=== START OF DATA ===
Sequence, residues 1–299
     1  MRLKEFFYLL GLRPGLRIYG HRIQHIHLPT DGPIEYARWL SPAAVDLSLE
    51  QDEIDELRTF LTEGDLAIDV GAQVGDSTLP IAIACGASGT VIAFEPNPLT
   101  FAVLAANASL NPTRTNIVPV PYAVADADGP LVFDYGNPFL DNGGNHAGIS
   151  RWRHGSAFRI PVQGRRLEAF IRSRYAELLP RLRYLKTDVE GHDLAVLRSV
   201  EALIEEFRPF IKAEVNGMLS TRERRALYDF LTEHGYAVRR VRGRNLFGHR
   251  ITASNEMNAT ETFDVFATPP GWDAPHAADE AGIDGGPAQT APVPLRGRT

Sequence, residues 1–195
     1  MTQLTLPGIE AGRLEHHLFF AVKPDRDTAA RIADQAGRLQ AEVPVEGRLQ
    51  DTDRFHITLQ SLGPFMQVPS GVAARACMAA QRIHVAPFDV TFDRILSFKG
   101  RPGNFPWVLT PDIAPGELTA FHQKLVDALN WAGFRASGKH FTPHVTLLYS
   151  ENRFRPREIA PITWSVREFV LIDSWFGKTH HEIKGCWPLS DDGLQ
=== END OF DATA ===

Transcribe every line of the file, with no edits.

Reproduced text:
Sequence, residues 1–299
     1  MRLKEFFYLL GLRPGLRIYG HRIQHIHLPT DGPIEYARWL SPAAVDLSLE
    51  QDEIDELRTF LTEGDLAIDV GAQVGDSTLP IAIACGASGT VIAFEPNPLT
   101  FAVLAANASL NPTRTNIVPV PYAVADADGP LVFDYGNPFL DNGGNHAGIS
   151  RWRHGSAFRI PVQGRRLEAF IRSRYAELLP RLRYLKTDVE GHDLAVLRSV
   201  EALIEEFRPF IKAEVNGMLS TRERRALYDF LTEHGYAVRR VRGRNLFGHR
   251  ITASNEMNAT ETFDVFATPP GWDAPHAADE AGIDGGPAQT APVPLRGRT

Sequence, residues 1–195
     1  MTQLTLPGIE AGRLEHHLFF AVKPDRDTAA RIADQAGRLQ AEVPVEGRLQ
    51  DTDRFHITLQ SLGPFMQVPS GVAARACMAA QRIHVAPFDV TFDRILSFKG
   101  RPGNFPWVLT PDIAPGELTA FHQKLVDALN WAGFRASGKH FTPHVTLLYS
   151  ENRFRPREIA PITWSVREFV LIDSWFGKTH HEIKGCWPLS DDGLQ